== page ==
Click here to view original web page at Ray Lewis will bless your wedding anniversary. Or RG3 could smack talk your buddy – if the price is right.
Ravens quarterback Lamar Jackson takes a selfie with a fan before a game against the Cleveland Browns, Sunday, Sept. 29, 2019, in Baltimore. (Brien Aho/AP) When Robert Griffin III entered the NFL in 2012, everyone wanted a piece of him. Electronic Arts put the Heisman Trophy winner on the cover of its “NCAA Football” video game. Subway and Adidas signed the quarterback to endorsement deals. His No. 10 Washington Redskins jersey sold more than any other player’s in recent history . The Associated Press voted Griffin the NFL Offensive Rookie of the Year.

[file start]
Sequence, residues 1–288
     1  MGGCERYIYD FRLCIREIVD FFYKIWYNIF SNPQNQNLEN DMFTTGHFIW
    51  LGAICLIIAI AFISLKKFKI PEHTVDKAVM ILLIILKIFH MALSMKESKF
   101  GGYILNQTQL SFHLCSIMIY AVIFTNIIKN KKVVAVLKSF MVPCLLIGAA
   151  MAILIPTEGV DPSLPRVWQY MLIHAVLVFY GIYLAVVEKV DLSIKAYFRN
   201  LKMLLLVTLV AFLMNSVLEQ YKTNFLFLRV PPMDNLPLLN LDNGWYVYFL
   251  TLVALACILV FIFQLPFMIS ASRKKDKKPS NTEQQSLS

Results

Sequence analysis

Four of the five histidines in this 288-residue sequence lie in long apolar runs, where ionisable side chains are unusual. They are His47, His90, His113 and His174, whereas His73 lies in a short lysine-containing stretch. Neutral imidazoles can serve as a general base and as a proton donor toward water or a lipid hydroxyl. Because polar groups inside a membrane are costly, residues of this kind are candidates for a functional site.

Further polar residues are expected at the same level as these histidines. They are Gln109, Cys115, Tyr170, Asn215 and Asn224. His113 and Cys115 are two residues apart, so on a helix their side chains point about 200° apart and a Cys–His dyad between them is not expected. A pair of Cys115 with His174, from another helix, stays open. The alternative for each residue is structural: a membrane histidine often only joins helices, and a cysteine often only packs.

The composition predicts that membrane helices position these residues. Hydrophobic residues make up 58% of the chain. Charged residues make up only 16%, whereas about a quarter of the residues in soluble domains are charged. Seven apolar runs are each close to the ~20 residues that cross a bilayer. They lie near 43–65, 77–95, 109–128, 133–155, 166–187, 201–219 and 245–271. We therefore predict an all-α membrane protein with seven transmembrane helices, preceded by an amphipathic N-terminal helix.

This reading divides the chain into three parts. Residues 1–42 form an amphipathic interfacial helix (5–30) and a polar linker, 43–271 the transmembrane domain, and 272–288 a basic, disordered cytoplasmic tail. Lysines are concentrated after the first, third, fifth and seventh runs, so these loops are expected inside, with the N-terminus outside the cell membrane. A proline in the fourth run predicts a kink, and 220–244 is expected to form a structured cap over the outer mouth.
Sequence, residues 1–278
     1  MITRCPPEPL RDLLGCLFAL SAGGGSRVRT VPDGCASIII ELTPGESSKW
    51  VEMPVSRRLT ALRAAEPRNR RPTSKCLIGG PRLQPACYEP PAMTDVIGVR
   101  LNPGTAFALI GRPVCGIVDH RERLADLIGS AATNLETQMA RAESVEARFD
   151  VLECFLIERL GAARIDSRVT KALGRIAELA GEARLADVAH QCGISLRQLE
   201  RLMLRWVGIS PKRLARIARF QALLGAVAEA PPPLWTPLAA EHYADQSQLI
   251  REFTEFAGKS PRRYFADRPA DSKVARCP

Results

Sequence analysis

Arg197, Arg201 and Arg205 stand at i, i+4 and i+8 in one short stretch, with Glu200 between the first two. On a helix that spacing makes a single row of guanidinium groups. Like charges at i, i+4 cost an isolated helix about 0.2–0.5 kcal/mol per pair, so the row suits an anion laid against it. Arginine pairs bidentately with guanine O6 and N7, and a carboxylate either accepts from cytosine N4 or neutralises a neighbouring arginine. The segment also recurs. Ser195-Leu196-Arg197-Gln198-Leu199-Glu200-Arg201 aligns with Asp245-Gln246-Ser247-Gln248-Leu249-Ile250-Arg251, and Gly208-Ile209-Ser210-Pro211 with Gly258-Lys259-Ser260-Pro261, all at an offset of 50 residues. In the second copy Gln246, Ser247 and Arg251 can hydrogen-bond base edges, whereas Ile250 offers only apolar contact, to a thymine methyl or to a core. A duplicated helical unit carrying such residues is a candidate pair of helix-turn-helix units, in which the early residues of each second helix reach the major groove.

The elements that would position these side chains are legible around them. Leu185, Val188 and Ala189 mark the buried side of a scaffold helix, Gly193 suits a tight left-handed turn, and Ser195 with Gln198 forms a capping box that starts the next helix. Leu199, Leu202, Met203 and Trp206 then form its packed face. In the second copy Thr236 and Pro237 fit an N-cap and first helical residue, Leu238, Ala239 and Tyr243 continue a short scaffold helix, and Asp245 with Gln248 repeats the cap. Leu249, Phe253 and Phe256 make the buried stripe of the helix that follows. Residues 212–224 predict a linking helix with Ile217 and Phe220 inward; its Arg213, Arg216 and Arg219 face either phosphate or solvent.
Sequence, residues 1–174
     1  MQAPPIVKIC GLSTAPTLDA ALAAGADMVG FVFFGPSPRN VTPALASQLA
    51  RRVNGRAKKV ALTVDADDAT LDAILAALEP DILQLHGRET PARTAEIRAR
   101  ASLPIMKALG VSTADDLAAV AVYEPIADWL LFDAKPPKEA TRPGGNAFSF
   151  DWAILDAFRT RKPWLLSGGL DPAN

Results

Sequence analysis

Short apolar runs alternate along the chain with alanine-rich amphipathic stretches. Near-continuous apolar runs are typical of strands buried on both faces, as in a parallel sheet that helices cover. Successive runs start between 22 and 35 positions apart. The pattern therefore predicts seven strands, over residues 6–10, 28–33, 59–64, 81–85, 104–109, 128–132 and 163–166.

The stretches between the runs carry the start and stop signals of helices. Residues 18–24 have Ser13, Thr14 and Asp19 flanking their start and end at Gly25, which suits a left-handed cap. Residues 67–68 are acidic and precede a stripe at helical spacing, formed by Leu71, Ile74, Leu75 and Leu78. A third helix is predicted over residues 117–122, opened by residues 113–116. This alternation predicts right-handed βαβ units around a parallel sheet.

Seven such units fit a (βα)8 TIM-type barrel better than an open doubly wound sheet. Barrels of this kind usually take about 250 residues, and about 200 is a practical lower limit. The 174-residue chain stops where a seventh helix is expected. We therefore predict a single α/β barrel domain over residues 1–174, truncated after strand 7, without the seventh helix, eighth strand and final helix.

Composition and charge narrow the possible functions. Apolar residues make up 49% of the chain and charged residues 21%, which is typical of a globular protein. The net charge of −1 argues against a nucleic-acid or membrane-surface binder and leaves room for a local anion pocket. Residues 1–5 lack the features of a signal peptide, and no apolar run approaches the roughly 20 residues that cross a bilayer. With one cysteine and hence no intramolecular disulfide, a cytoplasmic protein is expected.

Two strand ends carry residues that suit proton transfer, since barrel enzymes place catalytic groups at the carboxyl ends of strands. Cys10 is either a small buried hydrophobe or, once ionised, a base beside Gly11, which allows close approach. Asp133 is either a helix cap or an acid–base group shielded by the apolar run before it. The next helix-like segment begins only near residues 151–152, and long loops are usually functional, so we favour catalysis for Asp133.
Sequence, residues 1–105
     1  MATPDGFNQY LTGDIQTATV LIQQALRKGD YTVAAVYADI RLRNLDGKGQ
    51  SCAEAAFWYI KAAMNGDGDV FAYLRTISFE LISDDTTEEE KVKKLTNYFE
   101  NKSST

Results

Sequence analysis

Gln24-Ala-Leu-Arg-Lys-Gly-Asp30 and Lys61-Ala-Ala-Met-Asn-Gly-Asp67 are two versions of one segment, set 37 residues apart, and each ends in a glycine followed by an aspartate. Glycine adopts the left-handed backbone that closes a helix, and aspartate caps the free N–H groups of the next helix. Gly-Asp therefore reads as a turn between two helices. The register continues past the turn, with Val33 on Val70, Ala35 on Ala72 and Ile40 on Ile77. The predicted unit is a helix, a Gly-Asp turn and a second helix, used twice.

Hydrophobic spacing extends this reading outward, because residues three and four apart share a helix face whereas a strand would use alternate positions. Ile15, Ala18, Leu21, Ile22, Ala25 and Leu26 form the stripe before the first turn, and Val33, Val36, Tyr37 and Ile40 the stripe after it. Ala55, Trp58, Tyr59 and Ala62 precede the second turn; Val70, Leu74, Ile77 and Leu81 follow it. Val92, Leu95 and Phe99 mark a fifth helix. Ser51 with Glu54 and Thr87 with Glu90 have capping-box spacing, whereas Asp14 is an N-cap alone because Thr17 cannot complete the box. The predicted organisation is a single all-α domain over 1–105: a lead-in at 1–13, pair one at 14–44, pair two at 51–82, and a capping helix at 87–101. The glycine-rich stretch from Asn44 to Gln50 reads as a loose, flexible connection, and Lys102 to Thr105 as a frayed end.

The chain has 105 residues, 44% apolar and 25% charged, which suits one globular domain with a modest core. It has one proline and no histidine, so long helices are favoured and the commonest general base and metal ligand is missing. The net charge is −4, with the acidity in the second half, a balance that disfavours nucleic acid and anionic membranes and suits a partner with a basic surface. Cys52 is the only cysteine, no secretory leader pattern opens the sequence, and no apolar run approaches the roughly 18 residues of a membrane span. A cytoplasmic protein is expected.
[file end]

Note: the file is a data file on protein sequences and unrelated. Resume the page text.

And then there were the passersby, everyday folks eager to seize on a chance encounter with a sports celebrity. Oftentimes, they’d bring out their phones.
“They ask you to say, ‘Hey, can you say hi to my mom?’ ” he recalled recently. “Or I’d get a lot of phone calls, and I’m on the phone with their aunt or something.”
As the Ravens backup quarterback’s place in the NFL has changed, so have the levers of fan engagement. Instagram, the most popular social media network after Facebook, reached 1 billion monthly users last year. Twitter had 330 million active as of September. Athlete accounts have become as intertwined with the fan experience as YouTube highlights. You can’t truly know a backup linebacker until you’ve seen him flexing mid-workout on his Instagram Story.
Across the NFL and wider world of sports, another platform has found an audience. Ten current Ravens and several former stars have active accounts on Cameo , an […]